CHICAGO – Few figures have had less of an exciting domination of the world than Kevin Hart. In the past few years, the comedian has skyrocketed to leading fixture in the comedy scene, creating hit scripts out of films like “Think Like A Man” and “About Last Night,” while taking victory laps in his lacking stand-up features like “Kevin Hart: Let Me Explain”. The big problem is that these projects don’t justify his comic potential.
CHICAGO – David Gelb’s lyrical “Jiro Dreams of Sushi” tells the remarkable tale of a living legend in his chosen art form, the creation of sushi. Master chef Jiro Ono may be 85 years old but he’s still more committed to his craft than most people one-quarter of his age. What makes a man like Ono, one who has built a life on repetition of his talent, go from day to day? And why is he the best at what he does?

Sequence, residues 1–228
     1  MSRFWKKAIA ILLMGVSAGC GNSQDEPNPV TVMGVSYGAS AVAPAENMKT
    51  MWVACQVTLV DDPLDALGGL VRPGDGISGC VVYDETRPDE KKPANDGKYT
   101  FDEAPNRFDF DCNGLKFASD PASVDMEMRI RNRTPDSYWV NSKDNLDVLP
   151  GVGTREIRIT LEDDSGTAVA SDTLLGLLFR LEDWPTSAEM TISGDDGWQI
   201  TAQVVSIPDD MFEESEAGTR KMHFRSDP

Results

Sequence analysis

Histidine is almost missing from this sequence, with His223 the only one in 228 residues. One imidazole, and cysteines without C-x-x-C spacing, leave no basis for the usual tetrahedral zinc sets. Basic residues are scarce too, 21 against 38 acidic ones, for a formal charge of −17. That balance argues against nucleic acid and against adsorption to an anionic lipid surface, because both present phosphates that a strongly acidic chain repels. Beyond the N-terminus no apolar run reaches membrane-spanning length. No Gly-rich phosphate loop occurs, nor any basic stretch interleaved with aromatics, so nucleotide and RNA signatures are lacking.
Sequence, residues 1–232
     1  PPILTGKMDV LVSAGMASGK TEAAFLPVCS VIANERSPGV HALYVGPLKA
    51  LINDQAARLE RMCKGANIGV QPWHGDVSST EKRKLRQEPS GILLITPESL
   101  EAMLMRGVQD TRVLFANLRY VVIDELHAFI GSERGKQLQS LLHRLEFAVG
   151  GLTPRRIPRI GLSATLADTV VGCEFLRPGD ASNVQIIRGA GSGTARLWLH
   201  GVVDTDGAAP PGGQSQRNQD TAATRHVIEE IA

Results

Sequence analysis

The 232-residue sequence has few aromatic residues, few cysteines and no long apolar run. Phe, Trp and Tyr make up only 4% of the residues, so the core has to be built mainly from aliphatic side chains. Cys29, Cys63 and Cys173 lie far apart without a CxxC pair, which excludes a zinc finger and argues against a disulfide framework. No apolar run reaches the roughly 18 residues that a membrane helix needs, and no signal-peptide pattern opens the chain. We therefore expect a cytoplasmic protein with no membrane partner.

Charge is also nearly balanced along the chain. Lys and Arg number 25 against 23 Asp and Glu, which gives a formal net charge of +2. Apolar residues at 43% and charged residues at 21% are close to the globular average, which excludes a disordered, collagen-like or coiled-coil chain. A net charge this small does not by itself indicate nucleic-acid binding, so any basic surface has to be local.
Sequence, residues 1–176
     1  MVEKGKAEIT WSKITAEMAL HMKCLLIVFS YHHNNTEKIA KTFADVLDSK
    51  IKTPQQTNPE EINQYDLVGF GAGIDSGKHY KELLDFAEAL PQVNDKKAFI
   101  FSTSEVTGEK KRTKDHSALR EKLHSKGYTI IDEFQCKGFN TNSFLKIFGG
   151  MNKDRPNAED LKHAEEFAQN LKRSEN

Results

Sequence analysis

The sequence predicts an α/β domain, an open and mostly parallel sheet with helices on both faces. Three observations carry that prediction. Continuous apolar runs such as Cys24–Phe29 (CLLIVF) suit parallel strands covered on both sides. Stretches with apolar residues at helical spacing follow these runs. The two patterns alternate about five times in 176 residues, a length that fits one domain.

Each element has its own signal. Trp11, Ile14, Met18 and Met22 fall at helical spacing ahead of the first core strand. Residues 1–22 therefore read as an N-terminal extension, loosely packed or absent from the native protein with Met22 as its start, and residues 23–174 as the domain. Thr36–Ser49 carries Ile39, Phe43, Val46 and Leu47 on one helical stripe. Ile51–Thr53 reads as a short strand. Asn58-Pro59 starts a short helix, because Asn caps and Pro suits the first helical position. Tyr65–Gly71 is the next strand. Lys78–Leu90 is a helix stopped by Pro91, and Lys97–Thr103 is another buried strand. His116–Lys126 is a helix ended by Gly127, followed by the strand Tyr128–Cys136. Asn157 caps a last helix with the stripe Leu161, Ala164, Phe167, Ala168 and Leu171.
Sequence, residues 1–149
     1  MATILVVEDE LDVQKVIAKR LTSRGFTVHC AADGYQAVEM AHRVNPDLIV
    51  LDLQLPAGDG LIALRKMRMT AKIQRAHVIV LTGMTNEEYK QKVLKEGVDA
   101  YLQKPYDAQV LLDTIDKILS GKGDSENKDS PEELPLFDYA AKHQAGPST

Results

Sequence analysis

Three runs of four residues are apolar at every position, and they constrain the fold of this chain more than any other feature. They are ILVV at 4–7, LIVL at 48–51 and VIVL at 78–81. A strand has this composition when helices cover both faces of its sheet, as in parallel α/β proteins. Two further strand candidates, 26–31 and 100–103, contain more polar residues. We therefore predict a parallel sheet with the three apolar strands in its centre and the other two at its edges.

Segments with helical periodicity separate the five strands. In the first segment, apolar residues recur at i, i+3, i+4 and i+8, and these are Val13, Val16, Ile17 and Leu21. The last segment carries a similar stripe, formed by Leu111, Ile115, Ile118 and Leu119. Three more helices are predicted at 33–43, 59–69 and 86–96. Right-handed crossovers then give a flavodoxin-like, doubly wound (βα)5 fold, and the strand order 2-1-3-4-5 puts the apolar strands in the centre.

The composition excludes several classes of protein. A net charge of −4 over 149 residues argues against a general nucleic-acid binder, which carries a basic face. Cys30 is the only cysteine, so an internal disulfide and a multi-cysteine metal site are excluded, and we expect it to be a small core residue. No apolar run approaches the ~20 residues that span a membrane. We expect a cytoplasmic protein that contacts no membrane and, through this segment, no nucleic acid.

CHICAGO – According to Jiro Ono, the intriguing titular subject of David Gelb’s documentary, sushi is a dish that must be savored. However, it should be eaten the instant that it’s served for maximum satisfaction. Fat will not be tolerated on the fish since lean meat carries the essence of flavor, and it is within the simplicity of each morsel that a true depth of flavor can be achieved.